Ensuring this wealth continues to flow depends on two things: firstly, ensuring that the ruling families of the Gulf states continue to direct their Sovereign Wealth Funds to invest in the US and Britain, and, secondly, and more fundamentally, ensuring that those families are not overthrown. These two tasks are linked, for, alongside the economic incentives for Gulf investment in London (the Treasury and Bank of England’s commitment to guaranteeing ever rising asset prices through QE and house price manipulation) are the political incentives: bolstering the political and military alliance with the UK to ensure regime survival. And when the economic incentives are waning, as they seem to be daily, it becomes ever more imperative for the UK to ensure that those political incentives – securing the family dictatorships – are made very clear. This is where the Windsors come in.
One of the problems of the neocolonial era is that those charged with securing British interests abroad – the rulers of comprador global South states – must become masters at decoding the contradictory diktats of the western powers. One day, these gentlemen will proclaim themselves champions of liberal freedoms, willing to slaughter millions of people and burn trillions of dollars at its altar; the next, they will declare themselves as standing shoulder-to-shoulder against terrorism with the most illiberal states the mind can concievably imagine. How is an Arab ruler to know, the next time he feels the need to crush an emerging dissident movement, whether to expect a shower of hellfire missiles for his troubles, or a hearty slap on the back?
This is when a red carpet at Windsor Palace can be very reassuring, and it is no coincidence that the most frenetic hosting of high level state visits seems to occur at precisely those moments when Gulf autocracies are facing the most resistance from their own people. Over the past ten years, for example, when the Arab monarchies have confronted perhaps the biggest popular threat to their rule since the height of Arab nationalism in the 1950s and 60s (when British-created monarchs were overthrown in Egypt, Iraq, Iran, and Libya), they have met with leading members of the British royal family over two hundred times, with Charles alone undertaking ninety-five such visits. Bahrain, home to the most important British and US naval bases in the region, is a case in point.
The al-Khalifas, the ruling clan in Bahrain for the past 200 years, originally hailed from Iraq, but were expelled by the Ottomans due to the disruption to trade caused by their frequent banditry. They briefly seized control of Bahrain in 1783 as Persian control began to crumble, but their falling out with the Wahhabi sect, on whom their power had relied, ended their rule twenty years later. It was only the treaty they signed with the British in 1820 – in which Britain guaranteed the family’s reign in return for their obedience to imperial designs – which restored them to power, and has kept them there – latterly with the addition of US support – until this day. Only gaining formal independence from Britain in 1971, the director-general of its state security directorate was a Brit – Ian Henderson, a former colonial official in Kenya – right up until 1998. Like the other Gulf states, their military and security apparatuses remain utterly dependent on US and British support.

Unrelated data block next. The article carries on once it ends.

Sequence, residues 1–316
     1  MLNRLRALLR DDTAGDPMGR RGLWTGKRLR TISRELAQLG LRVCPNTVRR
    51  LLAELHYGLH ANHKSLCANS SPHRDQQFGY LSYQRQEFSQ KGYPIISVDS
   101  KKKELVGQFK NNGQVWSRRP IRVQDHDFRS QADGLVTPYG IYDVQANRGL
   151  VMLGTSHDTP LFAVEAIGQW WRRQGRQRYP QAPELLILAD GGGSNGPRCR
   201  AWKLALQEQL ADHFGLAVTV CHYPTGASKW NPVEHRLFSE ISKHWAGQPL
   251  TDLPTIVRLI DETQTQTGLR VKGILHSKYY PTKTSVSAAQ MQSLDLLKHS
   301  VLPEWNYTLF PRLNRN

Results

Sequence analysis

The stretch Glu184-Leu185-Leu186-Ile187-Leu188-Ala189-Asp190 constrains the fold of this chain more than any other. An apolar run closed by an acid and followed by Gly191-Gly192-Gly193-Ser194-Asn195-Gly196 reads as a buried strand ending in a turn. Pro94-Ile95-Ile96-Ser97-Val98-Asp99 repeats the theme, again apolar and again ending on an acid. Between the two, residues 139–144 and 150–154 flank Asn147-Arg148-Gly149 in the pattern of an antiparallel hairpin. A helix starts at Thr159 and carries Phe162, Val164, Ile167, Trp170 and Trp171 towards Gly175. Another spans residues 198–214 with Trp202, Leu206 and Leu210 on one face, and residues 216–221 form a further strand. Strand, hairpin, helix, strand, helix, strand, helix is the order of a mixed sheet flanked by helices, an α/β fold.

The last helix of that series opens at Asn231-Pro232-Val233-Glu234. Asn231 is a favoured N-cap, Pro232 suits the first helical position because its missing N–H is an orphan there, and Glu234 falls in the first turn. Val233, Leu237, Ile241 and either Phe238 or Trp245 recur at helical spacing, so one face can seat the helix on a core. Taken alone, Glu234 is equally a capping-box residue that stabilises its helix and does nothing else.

Yet the al-Khalifas’ position has been permanently unstable, due to both their obvious role as a facilitator of subordination to foreign domination and their persecution of the majority Shia population. A major workers’ revolt was crushed by the British in 1965, whilst the newly-elected national assembly was closed down by the Emir after just two years in operation in 1975 due to its demands for women’s votes, the nationalisation of oil resources, and the expulsion of foreign bases. “Since then”, says the author of a recent academic piece on the country, “the rule of the Khalifa family has become increasingly authoritarian.” This growing anti-democratic trend has coincided with an increase in the visible support of the British royal family. In 1979, there was particular anxiety in Britain that the revolutionary wave sweeping Iran would extend to the Gulf Arab states. Thus, within weeks of the Shah’s departure, the Queen was duly dispatched on her first official tour of the region in a clear expression of British solidarity with the Gulf rulers against their people. Bahrain was a particular concern, but the schedule of cosy engagements with the Emir, including horse racing, a banquet at the palace, and a return dinner on the royal Yacht Britannia, would have done much to reassure the Emir that British support for his “increasingly authoritarian” regime was unwavering. In 1984, a “glittering banquet” was organised by the Lord Mayor of the City of London in honour of the Emir of Bahrain, attended by the Duke and Duchess of Kent on the Queen’s behalf; whilst Prince Charles and his wife visited Bahrain two years later to attend a banquet in the Emir’s royal palace in Manama. Here they presented the Emir with the Order of St Michael and St George, the highest honour that can be bestowed for services to British imperialism, neatly symbolised by its insignia of a white child standing on the head of a prostrate Black man.